CREEDMOOR — Officials here still are considering a plan to build a new wastewater treatment facility in town and have even bought land where they could build it.
But officials also are in negotiations to become full members, rather than outside customers, of the local treatment facility run by the South Granville Water and Sewer Authority.
Mayor Darryl Moss said the city is moving ahead with both options for now, with no deadline for a final choice between the two. “We aren’t going to rush,” he said. “It’s a huge decision no matter which way we end up going.”
Moss said his personal preference is to join the existing water and sewer authority.
Many groups, including residents, surrounding municipalities and environmental organizations, have weighed in against the proposal for a new treatment plant, which would discharge into the Tar River. The plant would cost about $27 million and would be financed by grants and loans from the Rural Development branch of the federal Agriculture Department.
In late May, the city paid a purchase price of $150,000 and $127,516 for land that would give them space to build a plant and a discharge site.
Alex Floyd, who owns land along the Tar River, said that for both environmental and cost reasons, the city should not pursue a new facility.
“It just doesn’t make any sense at all,” he said. “It harms a lot of people.”
Late last year, the city released an environmental analysis it commissioned regarding its proposal for a potential wastewater treatment plant.
The analysis said that the existing water and sewer authority doesn’t have the capacity to accommodate Creedmoor’s treatment needs for the next 20 years, but SGWSA says that it does.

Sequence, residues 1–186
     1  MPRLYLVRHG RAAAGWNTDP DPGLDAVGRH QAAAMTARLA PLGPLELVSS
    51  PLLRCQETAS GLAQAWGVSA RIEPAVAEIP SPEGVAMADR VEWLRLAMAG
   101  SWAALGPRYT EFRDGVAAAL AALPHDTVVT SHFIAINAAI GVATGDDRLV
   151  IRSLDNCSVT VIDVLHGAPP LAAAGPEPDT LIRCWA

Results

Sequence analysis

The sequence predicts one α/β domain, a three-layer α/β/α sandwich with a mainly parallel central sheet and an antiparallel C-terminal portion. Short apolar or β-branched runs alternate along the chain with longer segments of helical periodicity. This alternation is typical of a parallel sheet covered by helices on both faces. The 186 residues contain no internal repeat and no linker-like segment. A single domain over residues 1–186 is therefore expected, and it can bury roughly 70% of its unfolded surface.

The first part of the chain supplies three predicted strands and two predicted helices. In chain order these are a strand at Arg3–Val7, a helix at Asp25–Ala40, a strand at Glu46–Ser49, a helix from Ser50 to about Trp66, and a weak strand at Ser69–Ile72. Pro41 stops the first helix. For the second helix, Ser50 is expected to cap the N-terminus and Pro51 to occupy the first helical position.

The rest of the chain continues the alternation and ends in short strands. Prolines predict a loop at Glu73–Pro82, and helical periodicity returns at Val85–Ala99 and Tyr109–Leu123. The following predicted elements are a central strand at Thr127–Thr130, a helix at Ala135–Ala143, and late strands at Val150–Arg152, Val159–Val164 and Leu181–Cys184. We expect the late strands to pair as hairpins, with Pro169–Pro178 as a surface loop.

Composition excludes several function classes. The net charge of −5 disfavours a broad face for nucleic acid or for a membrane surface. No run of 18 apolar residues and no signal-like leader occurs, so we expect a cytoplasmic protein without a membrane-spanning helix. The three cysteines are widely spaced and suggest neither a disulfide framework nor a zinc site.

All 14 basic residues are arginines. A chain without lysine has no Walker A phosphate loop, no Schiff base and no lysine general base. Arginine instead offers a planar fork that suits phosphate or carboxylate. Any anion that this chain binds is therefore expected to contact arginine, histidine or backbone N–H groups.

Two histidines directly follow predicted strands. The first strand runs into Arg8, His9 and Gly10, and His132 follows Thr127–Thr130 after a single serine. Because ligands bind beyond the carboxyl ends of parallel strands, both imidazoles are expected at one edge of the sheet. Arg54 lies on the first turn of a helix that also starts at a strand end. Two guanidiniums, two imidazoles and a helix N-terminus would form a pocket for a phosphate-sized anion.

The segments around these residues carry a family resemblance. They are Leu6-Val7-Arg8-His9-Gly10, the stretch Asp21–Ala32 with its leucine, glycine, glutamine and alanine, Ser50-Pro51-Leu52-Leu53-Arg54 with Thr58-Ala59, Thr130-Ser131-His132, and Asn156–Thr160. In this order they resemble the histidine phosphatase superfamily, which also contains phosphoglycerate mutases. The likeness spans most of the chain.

Furthermore, if Creedmoor were to become a full member of the system, customers would save money because they would pay cheaper rates and the city no longer would have to duplicate functions such as billing, said Lindsay Mize, executive director of the authority. He said those savings would be about $300 to $500 per customer each year.
Officials from the city and the authority are working to negotiate a memorandum of understanding that would set the terms if Creedmoor were to become a full member of the authority.
Other groups that responded to the analysis include the city of Raleigh. Officials there are concerned the plant would jeopardize the city’s efforts to get more drinking water from Falls Lake. The city said the analysis was inadequate for reasons such as a failure to consider how the proposal would affect protected species or the Raleigh drinking water supply.
In addition, the Southern Environmental Law Center said in comments on behalf of the Pamlico-Tar River Foundation and the Environmental Defense Fund that the analysis failed to meet the standards for such an analysis set forth in federal law.
Because the proposal “may have significant environmental effects on the ecologically important and sensitive Tar River,” the city should prepare a more in-depth analysis, the center said.